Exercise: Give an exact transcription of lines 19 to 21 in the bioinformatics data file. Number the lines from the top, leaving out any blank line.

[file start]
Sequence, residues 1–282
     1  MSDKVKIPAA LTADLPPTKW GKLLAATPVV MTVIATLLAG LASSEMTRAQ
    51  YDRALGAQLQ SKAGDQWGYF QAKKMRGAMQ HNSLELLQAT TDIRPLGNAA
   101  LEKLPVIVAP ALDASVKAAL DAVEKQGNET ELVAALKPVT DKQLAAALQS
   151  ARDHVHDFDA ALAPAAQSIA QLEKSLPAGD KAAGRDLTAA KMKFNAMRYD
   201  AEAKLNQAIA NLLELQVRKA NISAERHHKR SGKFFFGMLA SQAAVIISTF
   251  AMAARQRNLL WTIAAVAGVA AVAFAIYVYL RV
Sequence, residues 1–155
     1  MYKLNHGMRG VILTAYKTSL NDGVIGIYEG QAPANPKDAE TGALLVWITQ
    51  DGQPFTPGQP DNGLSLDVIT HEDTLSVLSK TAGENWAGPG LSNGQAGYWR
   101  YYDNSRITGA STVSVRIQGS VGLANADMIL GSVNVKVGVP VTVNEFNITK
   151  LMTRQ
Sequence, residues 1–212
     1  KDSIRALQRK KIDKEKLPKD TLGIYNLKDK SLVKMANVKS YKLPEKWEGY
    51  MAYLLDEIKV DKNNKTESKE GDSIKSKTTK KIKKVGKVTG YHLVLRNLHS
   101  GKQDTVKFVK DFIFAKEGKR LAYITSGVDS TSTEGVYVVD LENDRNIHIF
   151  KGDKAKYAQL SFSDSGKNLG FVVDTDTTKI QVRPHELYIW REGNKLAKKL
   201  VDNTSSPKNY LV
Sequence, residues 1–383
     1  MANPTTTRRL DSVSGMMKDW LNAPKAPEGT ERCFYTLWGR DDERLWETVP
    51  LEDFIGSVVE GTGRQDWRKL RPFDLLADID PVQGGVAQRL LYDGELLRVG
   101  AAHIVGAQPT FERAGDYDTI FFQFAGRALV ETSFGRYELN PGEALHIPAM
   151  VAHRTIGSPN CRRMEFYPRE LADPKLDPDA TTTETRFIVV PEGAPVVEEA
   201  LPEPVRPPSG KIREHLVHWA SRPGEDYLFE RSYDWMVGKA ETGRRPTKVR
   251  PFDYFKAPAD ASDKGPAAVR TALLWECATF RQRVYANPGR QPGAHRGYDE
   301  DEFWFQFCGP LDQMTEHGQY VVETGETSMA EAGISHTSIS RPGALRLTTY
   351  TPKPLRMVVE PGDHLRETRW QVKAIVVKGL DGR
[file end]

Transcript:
Sequence, residues 1–383
     1  MANPTTTRRL DSVSGMMKDW LNAPKAPEGT ERCFYTLWGR DDERLWETVP
    51  LEDFIGSVVE GTGRQDWRKL RPFDLLADID PVQGGVAQRL LYDGELLRVG